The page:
On or about September 24, 2009, petitioners and ANICO executed a settlement agreement and mutual release. In the settlement agreement petitioners dismissed all claims for relief alleged or that could have been alleged, including but not limited to assertions of verbal abuse, workplace harassment, and emotional distress. The settlement agreement specifically covered the allegations in petitioners' separate lawsuits against ANICO. The settlement agreement also stated that it was intended to encompass the entire agreement between the parties concerning all matters affecting all claims but stated that it did "not have any effect whatsoever on Mr. Dulanto's worker's compensation claims." Although a draft unsigned settlement agreement briefly mentioned a waiver and release of "any claim for damages, including but not limited to loss of consortium", the final version did not contain this wording.

Under the settlement agreement, ANICO agreed to pay petitioners $501,775. This amount was allocated as follows: 82% to Jose Dulanto and 18% to petitioner. After taking into account payments previously made to petitioners, ANICO issued settlement payments of $403,731 and $83,169 to Jose Dulanto and petitioner, respectively. The settlement agreement did not allocate the payments to any specific claim or allegation of injury made by petitioners.

Petitioners timely filed their joint Form 1040, U.S. Individual Income Tax Return, for 2009. Their return was prepared by a certified public accountant (C.P.A.).

OPINION

Section 61(a) defines "gross income" as "all income from whatever source derived". Caselaw interprets this definition to be broad in scope and states that exclusions from gross income must be narrowly construed. Commissioner v. Schleier, 515 U.S. 323, 328 (1995); Commissioner v. Glenshaw Glass Co., 348 U.S. 426, 429 (1955); Helvering v. Clifford, 309 U.S. 331, 334 (1940). One such exclusion is found in section 104(a)(2), which provides that gross income does not include the amount of any damages (other than punitive damages) received on account of personal physical injuries or physical sickness. This rule is meant to cover all damages that flow from a physical injury or physical sickness, including damages received by the injured party's spouse on account of a claim for loss of consortium. See H.R. Conf. Rept. No. 104-737, at 301 (1996), 1996-3 C.B. 741, 1041. Although emotional distress or the symptoms thereof are not treated as a physical injury or physical sickness, the cost of medical care attributable to emotional distress is. Sec. 104(a); see Blackwood v. Commissioner, T.C. Memo. 2012-190; Longoria v. Commissioner, T.C. Memo. 2009-162.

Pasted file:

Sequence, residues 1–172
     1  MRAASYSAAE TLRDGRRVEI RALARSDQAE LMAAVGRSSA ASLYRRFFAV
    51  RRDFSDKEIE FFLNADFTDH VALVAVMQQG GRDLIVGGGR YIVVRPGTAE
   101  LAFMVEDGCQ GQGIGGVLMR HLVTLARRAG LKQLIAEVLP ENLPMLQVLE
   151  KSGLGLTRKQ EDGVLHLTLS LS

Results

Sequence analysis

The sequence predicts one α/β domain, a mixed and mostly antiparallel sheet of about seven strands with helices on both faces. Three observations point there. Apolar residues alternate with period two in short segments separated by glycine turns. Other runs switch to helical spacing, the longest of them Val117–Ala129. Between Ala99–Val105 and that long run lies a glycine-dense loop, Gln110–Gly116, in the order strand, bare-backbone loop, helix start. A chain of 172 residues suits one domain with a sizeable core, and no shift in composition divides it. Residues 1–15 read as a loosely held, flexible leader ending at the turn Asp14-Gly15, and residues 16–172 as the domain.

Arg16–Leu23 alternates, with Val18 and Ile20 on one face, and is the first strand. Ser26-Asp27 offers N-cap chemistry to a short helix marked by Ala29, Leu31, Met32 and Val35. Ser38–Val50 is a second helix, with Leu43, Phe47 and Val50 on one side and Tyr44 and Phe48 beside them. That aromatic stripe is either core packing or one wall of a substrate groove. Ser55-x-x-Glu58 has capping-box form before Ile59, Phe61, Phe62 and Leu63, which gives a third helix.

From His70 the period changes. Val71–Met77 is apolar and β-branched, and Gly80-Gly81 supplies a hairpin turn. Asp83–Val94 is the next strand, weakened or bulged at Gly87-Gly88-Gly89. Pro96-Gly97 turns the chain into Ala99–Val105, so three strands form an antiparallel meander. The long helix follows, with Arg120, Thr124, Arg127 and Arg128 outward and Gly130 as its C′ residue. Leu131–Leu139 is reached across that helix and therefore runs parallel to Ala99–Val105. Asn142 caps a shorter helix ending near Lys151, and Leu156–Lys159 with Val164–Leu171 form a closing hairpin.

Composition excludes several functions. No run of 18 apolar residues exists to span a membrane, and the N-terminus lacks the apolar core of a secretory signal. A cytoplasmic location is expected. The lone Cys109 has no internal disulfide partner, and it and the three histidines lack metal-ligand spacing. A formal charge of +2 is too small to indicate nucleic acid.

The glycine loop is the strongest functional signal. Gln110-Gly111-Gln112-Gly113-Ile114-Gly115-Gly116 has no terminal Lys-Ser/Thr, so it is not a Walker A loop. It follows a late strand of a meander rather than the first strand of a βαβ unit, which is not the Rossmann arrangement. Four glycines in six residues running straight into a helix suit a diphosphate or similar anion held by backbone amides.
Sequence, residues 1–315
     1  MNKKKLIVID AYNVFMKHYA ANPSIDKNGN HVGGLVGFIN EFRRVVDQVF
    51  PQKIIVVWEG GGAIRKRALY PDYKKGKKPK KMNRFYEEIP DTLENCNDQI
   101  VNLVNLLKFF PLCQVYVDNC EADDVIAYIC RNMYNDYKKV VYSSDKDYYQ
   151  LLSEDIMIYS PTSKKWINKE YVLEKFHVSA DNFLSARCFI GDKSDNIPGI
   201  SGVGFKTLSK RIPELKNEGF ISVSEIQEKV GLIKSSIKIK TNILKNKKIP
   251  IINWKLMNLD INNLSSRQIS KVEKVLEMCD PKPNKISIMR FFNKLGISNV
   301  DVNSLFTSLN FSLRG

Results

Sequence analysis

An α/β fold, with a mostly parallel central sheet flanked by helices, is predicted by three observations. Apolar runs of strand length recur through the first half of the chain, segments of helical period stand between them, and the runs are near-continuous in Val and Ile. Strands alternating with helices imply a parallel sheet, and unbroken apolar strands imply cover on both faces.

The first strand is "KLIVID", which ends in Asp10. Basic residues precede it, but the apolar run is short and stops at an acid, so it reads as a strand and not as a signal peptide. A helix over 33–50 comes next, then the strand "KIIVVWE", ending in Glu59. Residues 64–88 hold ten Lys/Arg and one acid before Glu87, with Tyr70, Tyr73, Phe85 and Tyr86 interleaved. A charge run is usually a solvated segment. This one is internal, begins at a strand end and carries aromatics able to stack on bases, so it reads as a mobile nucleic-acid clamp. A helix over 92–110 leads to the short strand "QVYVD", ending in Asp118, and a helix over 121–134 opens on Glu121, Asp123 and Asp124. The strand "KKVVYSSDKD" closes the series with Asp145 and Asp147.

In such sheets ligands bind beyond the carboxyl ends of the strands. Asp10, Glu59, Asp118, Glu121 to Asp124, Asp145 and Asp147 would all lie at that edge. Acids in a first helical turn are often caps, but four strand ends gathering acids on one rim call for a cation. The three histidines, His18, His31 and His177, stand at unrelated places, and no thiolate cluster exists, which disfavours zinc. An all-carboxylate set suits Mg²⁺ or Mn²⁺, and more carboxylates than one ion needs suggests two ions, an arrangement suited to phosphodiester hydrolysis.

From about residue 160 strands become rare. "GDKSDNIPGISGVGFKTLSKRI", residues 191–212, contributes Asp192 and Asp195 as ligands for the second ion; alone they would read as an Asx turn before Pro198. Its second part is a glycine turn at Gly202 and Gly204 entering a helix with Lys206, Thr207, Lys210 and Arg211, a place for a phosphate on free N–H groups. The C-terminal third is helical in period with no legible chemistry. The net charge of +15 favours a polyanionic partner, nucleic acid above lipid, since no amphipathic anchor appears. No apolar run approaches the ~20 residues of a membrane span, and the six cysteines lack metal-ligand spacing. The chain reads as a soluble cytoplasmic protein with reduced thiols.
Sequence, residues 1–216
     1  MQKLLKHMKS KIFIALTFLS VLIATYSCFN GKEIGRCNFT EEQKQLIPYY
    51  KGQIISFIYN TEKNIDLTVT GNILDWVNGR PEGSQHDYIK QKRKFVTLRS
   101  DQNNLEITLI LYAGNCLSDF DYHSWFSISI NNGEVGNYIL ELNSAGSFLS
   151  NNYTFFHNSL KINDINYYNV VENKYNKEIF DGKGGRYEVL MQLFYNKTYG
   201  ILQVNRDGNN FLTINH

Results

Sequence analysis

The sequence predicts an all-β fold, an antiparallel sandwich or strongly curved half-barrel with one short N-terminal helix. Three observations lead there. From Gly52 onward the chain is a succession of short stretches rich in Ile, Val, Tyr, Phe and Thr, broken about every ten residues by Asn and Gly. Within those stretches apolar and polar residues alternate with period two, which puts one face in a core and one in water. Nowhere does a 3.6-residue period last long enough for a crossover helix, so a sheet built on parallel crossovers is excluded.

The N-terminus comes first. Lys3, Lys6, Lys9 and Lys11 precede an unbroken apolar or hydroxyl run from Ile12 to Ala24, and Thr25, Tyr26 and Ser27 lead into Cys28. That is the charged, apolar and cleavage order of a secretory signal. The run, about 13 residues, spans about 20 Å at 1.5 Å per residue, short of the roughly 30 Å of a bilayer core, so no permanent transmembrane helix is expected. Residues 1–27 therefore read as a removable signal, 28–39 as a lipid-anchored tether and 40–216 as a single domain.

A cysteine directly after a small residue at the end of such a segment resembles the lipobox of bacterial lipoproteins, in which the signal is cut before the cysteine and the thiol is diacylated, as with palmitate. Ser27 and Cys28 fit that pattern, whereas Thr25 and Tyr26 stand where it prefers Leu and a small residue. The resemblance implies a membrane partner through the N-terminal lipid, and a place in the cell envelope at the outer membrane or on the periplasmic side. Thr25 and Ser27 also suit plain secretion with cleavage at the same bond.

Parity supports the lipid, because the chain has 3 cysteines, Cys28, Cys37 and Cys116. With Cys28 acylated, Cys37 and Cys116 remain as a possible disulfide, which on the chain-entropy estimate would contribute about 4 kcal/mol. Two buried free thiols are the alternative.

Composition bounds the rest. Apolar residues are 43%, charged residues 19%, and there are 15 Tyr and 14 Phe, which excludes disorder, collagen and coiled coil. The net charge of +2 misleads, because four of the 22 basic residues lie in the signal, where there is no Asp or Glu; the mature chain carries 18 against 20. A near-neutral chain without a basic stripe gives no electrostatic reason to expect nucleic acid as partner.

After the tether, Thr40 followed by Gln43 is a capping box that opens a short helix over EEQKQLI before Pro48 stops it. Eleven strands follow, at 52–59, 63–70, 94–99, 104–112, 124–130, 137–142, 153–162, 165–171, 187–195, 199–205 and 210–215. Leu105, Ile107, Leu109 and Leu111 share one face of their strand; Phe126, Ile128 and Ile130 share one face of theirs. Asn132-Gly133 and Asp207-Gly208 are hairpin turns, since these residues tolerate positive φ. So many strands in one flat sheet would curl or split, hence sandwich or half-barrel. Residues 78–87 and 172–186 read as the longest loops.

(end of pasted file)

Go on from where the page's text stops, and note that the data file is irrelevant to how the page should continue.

Where damages are received pursuant to a settlement agreement, the nature of the claim that was the actual basis for settlement controls whether those damages are excludable under section 104(a)(2). United States v. Burke, 504 U.S. 229, 237 (1992). The determination of the nature of the claim is usually made by reference to the settlement agreement. See Knuckles v. Commissioner, 349 F.2d 610, 613 (10th Cir. 1965), aff'g T.C. Memo. 1964-33; Robinson v. Commissioner, 102 T.C. 116, 126 (1994), aff'd in part, rev'd in part, and remanded on another issue, 70 F.3d 34 (5th Cir. 1995). If the settlement agreement lacks express statements of the claims that payment was to settle, the intent of the payor is determined by taking into consideration all of the facts and circumstances, including but not limited to, the amount paid, the circumstances that led to the settlement agreement, and the original complaint filed by the injured party. Green v. Commissioner, 507 F.3d 857, 868 (5th Cir. 2007), aff'g T.C. Memo. 2005-250; Knuckles v. Commissioner, 349 F.2d at 613; Robinson v. Commissioner, 102 T.C. at 127; Ahmed v. Commissioner, T.C. Memo. 2011-295, aff'd, 498 F. App'x 919 (11th Cir. 2012); Longoria v. Commissioner, T.C. Memo. 2009-162. The burden of proof is on the taxpayer to establish that the Commissioner's determination in the notice of deficiency is erroneous. Rule 142(a); Welch v. Helvering, 290 U.S. 111, 115 (1933). The taxpayer must present objective and credible evidence of the payor's intent in order for the burden of proof to shift to the Commissioner. See sec. 7491(a); Longoria v. Commissioner, T.C. Memo. 2009-162.